C’mon everybody, it’s rock ’n’ roll time in the upcoming November 6 Signature auction of concert posters. So in addition to the psychedelic posters I covered in last month’s column, here’s the lowdown on our best posters from the Happy Days era of the 1950s.
Leading the pack… wait, how can I say that? How can you pick the best between our Buddy Holly/Everly Bros. amazing window card, a 1955 Elvis Presley on Sun Records concert poster, and even the Hank Williams masterpiece, since Hank’s a member of the Rock and Roll Hall of Fame too? Tough call, and we’re glad we have that problem.
The Buddy Holly & the Crickets/Everly Bros. poster is such a doozy, we just had to give it our whole catalog cover. What amazing graphics, timeless music, and hopeless rarity this board brings. It’s a super-special piece that took us a year to pry out of the consignor. It was tough leaving another Beatles 1966 Shea or high-graded FD-26 Skeleton & Roses off the cover, but this ultra-rare masterpiece bumped those two, and everybody else, aside.
And then Elvis Presley third-billed to a pair of country music stars… wow. A classic red, white & blue Hatch Show Print poster, from their original files, pretty much guaranteed to be the only one that exists. Elvis with Scotty & Bill, the two fellows who played with him on “That’s All Right” and “Good Rockin’ Tonight.” Before I joined Heritage in April 2019, the house record for any concert we’ve ever sold was this type of Elvis poster from a few days later on the tour. Final price then: $42,500.
And we have a whole mess o’ Fifties posters in a more affordable price range, too. Many historians feel that rock ’n’ roll was born with the Jackie Brenston hit “Rocket 88,” produced by Ike Turner. Well heavens, we have a big concert poster from 1951 that features those very musicians and that key song. It’s a R&R scholar’s dream poster.
And the Hank Williams poster… can you believe we landed “the family’s” own copy which was simply never going to be sold? Be sure to read my description for the fascinating back story. And of course, this window card set the world’s record in our July auction for any concert poster auctioned, ever, at 150 grand. When that happens, does the next one exceed it? Sometimes yes, sometimes no. Be sure to watch with popcorn and a soda.
How about Little Richard when he was “tiny Richard” (yuk yuk)? That’s right, our 1955 poster from a Nashville nightclub featured Richard without a hit yet and still playing under the banner of “The Crown Prince of the Blues.” He had languished on RCA for the previous few years; soon Specialty Records would start releasing his singles and rock ’n’ roll history would be changed, if not outright born.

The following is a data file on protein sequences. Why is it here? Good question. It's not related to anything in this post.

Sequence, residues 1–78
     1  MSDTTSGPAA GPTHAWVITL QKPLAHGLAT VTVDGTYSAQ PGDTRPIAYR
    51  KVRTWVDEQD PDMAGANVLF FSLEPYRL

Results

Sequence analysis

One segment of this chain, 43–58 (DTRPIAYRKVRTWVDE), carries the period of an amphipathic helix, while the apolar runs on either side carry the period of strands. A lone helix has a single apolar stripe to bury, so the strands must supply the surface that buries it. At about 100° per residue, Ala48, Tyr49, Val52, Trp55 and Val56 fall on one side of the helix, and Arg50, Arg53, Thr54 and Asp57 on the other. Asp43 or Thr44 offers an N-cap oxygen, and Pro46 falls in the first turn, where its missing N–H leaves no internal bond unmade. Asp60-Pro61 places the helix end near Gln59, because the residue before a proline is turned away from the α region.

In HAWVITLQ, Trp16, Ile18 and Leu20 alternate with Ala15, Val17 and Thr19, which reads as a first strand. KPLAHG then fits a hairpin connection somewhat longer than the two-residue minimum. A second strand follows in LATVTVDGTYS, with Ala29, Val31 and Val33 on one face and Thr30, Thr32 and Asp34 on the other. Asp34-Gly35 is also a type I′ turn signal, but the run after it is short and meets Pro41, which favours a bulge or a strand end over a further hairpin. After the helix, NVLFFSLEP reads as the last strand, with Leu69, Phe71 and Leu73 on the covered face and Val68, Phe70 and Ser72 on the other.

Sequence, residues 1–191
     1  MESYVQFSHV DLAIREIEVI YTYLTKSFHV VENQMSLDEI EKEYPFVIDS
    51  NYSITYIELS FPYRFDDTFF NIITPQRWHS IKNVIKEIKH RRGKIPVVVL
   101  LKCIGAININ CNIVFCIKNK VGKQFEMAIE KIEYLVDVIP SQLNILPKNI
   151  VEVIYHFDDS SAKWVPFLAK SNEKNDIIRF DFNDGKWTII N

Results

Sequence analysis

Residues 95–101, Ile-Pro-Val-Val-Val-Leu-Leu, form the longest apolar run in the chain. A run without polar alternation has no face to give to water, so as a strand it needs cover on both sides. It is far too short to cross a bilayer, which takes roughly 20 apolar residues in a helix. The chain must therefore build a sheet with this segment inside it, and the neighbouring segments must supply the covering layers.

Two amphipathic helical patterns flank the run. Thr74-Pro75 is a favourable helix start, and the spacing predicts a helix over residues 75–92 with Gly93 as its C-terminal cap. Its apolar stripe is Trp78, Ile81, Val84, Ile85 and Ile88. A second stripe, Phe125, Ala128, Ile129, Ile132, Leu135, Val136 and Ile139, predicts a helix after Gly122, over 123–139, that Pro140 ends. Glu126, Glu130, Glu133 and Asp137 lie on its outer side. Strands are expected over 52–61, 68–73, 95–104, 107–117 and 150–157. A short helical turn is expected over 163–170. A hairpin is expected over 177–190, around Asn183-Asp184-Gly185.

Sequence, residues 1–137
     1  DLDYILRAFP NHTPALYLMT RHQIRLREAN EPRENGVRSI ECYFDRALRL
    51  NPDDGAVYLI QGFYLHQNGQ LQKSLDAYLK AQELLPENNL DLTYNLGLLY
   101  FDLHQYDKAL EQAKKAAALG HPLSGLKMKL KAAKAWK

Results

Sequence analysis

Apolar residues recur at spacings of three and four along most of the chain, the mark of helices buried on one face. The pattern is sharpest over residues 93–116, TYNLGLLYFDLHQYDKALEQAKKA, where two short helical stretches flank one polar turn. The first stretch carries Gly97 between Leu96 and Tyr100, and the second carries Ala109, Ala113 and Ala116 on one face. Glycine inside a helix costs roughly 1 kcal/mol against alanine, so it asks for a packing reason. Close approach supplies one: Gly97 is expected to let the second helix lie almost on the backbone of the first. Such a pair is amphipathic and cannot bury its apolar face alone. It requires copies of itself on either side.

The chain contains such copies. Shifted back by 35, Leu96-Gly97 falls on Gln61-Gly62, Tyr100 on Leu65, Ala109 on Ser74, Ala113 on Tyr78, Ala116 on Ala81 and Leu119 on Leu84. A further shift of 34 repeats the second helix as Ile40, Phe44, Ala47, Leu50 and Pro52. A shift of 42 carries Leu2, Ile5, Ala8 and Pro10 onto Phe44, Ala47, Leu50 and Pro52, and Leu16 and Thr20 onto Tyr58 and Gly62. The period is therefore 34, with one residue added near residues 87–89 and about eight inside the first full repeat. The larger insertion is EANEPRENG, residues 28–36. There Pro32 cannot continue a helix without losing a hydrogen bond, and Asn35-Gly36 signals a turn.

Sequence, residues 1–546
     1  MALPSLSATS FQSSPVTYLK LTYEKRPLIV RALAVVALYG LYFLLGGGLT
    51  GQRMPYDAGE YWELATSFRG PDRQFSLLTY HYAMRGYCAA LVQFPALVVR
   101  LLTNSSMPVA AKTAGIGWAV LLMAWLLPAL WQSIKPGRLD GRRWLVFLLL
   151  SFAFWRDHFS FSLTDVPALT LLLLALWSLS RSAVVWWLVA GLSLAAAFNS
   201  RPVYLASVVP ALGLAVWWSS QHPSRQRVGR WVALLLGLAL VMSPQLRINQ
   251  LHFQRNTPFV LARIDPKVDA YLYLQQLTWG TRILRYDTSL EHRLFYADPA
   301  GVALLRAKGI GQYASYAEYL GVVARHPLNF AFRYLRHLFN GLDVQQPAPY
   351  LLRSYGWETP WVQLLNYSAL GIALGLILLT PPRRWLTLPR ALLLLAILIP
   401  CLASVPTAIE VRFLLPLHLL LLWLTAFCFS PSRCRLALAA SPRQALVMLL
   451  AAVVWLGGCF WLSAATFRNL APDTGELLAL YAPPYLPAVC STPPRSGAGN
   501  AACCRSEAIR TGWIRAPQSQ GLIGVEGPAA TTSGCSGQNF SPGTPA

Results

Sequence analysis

And then there’s The Killer. That’s right, Jerry Lee Lewis also right out of the chute, third-billed with no hit singles to his name yet. Another unique Hatch poster. “Crazy Arms” made a lot of noise in the South, but didn’t garner a whimper nationwide. You might say that changed with the release of his very next Sun Records single two months later, “Whole Lot of Shakin’ Going On.” Yowza!
If the best posters are out of your price range, we have a couple of beautiful handbills that are much more affordable than their larger cardboard counterparts. There’s the 1957 Biggest Show of Stars flyer from Portland, OR that features nine members of the Rock and Roll Hall of Fame, including the Crickets with Buddy Holly, Chuck Berry, Fats Domino, and the Everly Bros. It’s a magnificent piece loaded with big musicians, colors, pictures, and song titles. And then there’s the 1958 Alan Freed Big Beat tour handbill, featuring Buddy Holly and the Crickets, Chuck Berry, Jerry Lee Lewis, and Frankie Lymon. It, too, is packed with what collectors want… big artists, key song titles, photos of everyone, and a colorful, compelling design. The posters go for tens of thousands of dollars, but here you can grab the handbills for a fraction of that.
So rock your socks off on November 6, and go home with a prize!
Director, Concert Posters